A Republican candidate for Congress in north Alabama is facing a criminal charge as he enters the campaign.
Daniel Boman of Winfield, a former state representative and disbarred attorney, was indicted in November 2021 for first-degree theft in Lamar County. Boman pleaded not guilty in April 2022. Circuit Judge Allen W. May Jr. granted a continuance of the trial in October and has not set a new trial date.
The indictment says Boman knowingly exerted unauthorized control or obtained control by deception over more than $2,500 from an estate. The crime is alleged to have happened between October 2019 and April 2020. First-degree theft is a Class B felony, punishable by a sentence of two to 20 years.
Boman qualified with the Alabama Republican Party to run in the 5th Congressional District, challenging the incumbent, U.S. Rep. Dale Strong, R-Huntsville. Qualifying ended Nov. 10. Strong and Boman are the only two candidates in the March 5 primary. No Democrats qualified.
In an interview with AL.com on Friday, Boman declined to comment on his case but talked about his return to politics after almost a decade since leaving elected office.
Boman was elected to the Alabama House of Representatives in 2010, representing District 16 in west Alabama. He was elected as a Republican but switched to the Democratic Party in 2011. He lost his reelection bid in 2014 after the Republican Party changed the district boundaries during reapportionment.
“It’s just something I love,” Boman said. “It’s something that I follow daily. It’s something that I miss. I enjoy the debating of bills. I enjoy being part of laws that are passed. I enjoy helping people.”
In 2012, Boman was the Democratic nominee for Congress in the 4th District. He lost to U.S. Rep. Robert Aderholt, R-Haleyville, in the general election, receiving about 26% of the vote.
Boman caused controversy during that 2012 campaign when he implied Aderholt was gay by posting a hypothetical question on Facebook, although he did not use Aderholt’s name.
Asked about that on Friday, Boman said it was a dumb decision and one of the reasons he got out of politics. He said he called Aderholt’s field office and Washington office a couple of years later to apologize.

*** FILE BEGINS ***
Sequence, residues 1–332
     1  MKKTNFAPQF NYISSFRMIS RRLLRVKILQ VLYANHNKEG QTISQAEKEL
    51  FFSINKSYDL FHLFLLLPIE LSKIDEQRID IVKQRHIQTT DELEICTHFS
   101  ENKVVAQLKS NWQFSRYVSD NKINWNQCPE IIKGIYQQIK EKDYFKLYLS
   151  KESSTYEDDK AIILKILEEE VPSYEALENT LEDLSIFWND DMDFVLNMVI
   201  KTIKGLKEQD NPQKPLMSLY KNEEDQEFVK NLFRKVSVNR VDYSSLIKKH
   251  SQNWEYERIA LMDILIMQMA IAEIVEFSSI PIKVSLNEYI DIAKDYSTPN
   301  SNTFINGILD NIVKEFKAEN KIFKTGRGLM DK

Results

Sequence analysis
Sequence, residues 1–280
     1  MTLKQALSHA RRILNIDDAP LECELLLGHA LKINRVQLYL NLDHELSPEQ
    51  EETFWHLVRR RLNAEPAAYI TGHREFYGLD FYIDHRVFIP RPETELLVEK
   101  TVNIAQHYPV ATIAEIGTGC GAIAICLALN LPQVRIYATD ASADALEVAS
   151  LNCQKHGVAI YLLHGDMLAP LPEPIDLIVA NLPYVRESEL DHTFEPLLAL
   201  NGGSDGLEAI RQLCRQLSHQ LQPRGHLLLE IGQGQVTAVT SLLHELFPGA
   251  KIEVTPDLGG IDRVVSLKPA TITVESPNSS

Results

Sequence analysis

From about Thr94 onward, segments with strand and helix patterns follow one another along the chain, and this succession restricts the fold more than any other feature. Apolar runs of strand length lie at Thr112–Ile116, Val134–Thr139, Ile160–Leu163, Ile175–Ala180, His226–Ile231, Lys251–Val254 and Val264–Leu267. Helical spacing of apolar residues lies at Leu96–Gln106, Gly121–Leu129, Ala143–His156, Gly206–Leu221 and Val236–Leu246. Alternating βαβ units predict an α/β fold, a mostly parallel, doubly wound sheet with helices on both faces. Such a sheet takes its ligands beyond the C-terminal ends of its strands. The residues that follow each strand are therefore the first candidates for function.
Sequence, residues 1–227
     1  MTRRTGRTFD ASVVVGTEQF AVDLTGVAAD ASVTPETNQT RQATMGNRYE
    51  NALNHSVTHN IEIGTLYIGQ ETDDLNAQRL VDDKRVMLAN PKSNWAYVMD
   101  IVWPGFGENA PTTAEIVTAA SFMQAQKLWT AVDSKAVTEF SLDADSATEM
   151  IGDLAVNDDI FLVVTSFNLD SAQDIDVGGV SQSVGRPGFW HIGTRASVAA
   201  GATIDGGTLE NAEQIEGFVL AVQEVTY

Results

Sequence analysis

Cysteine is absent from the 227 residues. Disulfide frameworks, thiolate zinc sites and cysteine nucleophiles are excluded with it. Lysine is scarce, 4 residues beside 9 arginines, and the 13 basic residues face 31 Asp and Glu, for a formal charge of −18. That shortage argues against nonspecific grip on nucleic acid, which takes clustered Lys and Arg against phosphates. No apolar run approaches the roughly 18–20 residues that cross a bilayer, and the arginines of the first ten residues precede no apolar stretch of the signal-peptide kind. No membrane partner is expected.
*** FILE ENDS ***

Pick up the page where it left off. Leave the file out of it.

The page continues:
“It was one of those things that was absolutely unnecessary and uncalled for,” Boman said. “Made a mistake. Made a horrible mistake.”
Boman said he won’t let past mistakes or tough circumstances keep him from seeking office. He noted that former President Donald Trump, the frontrunner for the Republican nomination next year, has his own legal problems.
“I don’t carry grudges and realize politics can be an ugly thing,” Boman said. “It’s one of those things. I’m not going to let those things deter me — anything that somebody wants to hold against me for anything that I’ve said or done. Realistically, we’ve got a gentleman running for president that’s almost in an identical situation.
“I just genuinely miss it. I miss being involved in that. That’s just an arena that I just have a passion for.”
Boman’s home in Winfield is not in the 5th District. Candidates for Congress are not required to live in the district they run for, only the state. But Boman said he is moving to Athens, which is in the 5th District, for business purposes.
Boman said he is eligible to reapply for his law license in January 2025, the end of a five-year disbarment period. He said the disbarment is related to the theft case. Since losing his law license, Boman said he has worked in personal investing, buying and selling property, and other things.
Despite the circumstances, Boman said he is glad to reenter the political arena.
“If you retire from it or get out of it and you don’t miss it, it was probably the right decision,” Boman said. “But there hasn’t been a day goes by in the last 10 years that I haven’t missed it.”